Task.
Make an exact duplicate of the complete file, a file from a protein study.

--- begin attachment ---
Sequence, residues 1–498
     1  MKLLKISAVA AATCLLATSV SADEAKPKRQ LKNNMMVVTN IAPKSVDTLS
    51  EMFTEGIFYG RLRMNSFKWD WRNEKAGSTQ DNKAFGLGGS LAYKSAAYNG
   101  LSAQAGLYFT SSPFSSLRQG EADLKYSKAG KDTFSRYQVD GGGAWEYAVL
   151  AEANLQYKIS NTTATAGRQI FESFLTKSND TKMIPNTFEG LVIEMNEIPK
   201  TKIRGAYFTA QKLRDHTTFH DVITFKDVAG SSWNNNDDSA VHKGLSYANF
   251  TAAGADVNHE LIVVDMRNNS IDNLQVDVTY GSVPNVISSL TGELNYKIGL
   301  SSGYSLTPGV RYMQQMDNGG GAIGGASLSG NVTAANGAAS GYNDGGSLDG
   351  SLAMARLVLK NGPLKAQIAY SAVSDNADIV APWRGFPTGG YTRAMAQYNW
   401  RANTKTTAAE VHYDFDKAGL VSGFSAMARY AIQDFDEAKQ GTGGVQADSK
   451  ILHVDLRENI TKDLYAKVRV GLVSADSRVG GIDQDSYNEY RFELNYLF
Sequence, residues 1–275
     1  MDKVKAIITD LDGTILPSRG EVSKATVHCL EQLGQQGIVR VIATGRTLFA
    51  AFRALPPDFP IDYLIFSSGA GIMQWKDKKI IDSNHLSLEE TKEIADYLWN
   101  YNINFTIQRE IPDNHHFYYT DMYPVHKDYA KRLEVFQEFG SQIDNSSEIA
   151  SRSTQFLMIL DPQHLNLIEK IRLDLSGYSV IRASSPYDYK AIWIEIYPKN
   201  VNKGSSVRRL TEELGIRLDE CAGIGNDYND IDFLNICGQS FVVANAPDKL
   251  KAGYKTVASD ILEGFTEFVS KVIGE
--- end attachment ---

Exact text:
Sequence, residues 1–498
     1  MKLLKISAVA AATCLLATSV SADEAKPKRQ LKNNMMVVTN IAPKSVDTLS
    51  EMFTEGIFYG RLRMNSFKWD WRNEKAGSTQ DNKAFGLGGS LAYKSAAYNG
   101  LSAQAGLYFT SSPFSSLRQG EADLKYSKAG KDTFSRYQVD GGGAWEYAVL
   151  AEANLQYKIS NTTATAGRQI FESFLTKSND TKMIPNTFEG LVIEMNEIPK
   201  TKIRGAYFTA QKLRDHTTFH DVITFKDVAG SSWNNNDDSA VHKGLSYANF
   251  TAAGADVNHE LIVVDMRNNS IDNLQVDVTY GSVPNVISSL TGELNYKIGL
   301  SSGYSLTPGV RYMQQMDNGG GAIGGASLSG NVTAANGAAS GYNDGGSLDG
   351  SLAMARLVLK NGPLKAQIAY SAVSDNADIV APWRGFPTGG YTRAMAQYNW
   401  RANTKTTAAE VHYDFDKAGL VSGFSAMARY AIQDFDEAKQ GTGGVQADSK
   451  ILHVDLRENI TKDLYAKVRV GLVSADSRVG GIDQDSYNEY RFELNYLF
Sequence, residues 1–275
     1  MDKVKAIITD LDGTILPSRG EVSKATVHCL EQLGQQGIVR VIATGRTLFA
    51  AFRALPPDFP IDYLIFSSGA GIMQWKDKKI IDSNHLSLEE TKEIADYLWN
   101  YNINFTIQRE IPDNHHFYYT DMYPVHKDYA KRLEVFQEFG SQIDNSSEIA
   151  SRSTQFLMIL DPQHLNLIEK IRLDLSGYSV IRASSPYDYK AIWIEIYPKN
   201  VNKGSSVRRL TEELGIRLDE CAGIGNDYND IDFLNICGQS FVVANAPDKL
   251  KAGYKTVASD ILEGFTEFVS KVIGE